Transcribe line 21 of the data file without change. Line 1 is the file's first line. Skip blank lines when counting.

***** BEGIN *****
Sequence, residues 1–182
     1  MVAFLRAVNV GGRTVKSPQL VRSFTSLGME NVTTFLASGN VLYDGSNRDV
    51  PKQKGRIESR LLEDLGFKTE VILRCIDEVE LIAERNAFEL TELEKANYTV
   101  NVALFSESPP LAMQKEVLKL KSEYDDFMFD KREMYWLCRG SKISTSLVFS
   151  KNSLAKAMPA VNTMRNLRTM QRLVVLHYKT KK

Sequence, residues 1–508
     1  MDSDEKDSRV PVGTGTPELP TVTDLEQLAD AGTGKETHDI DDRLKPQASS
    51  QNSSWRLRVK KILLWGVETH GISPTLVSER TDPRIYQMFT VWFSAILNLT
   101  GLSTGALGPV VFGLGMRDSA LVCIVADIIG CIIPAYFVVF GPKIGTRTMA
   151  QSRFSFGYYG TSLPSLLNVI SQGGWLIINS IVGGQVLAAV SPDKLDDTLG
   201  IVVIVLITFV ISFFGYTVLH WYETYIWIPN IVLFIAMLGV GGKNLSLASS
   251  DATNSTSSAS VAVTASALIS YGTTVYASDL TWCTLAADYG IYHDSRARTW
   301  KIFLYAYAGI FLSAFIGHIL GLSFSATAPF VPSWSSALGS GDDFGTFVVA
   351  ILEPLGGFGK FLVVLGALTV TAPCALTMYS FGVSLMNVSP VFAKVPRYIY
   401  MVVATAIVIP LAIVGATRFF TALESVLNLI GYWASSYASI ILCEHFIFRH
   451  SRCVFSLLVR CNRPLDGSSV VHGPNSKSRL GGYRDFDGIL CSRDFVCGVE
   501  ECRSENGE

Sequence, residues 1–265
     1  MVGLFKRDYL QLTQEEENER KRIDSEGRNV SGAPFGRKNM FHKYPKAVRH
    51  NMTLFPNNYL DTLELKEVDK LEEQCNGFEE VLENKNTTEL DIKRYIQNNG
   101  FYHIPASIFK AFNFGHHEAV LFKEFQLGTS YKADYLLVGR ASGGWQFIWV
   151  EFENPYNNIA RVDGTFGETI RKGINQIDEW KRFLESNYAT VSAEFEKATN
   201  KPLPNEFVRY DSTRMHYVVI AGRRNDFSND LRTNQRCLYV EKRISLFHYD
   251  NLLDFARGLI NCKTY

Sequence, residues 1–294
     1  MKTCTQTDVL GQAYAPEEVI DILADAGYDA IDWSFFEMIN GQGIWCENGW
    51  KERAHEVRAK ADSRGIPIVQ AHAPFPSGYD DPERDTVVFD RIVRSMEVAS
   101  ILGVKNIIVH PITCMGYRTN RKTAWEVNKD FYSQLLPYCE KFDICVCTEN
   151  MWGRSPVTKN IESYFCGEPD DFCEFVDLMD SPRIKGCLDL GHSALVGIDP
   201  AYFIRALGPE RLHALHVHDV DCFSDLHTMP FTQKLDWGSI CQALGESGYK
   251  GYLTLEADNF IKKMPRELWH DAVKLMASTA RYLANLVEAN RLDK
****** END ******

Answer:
   101  FYHIPASIFK AFNFGHHEAV LFKEFQLGTS YKADYLLVGR ASGGWQFIWV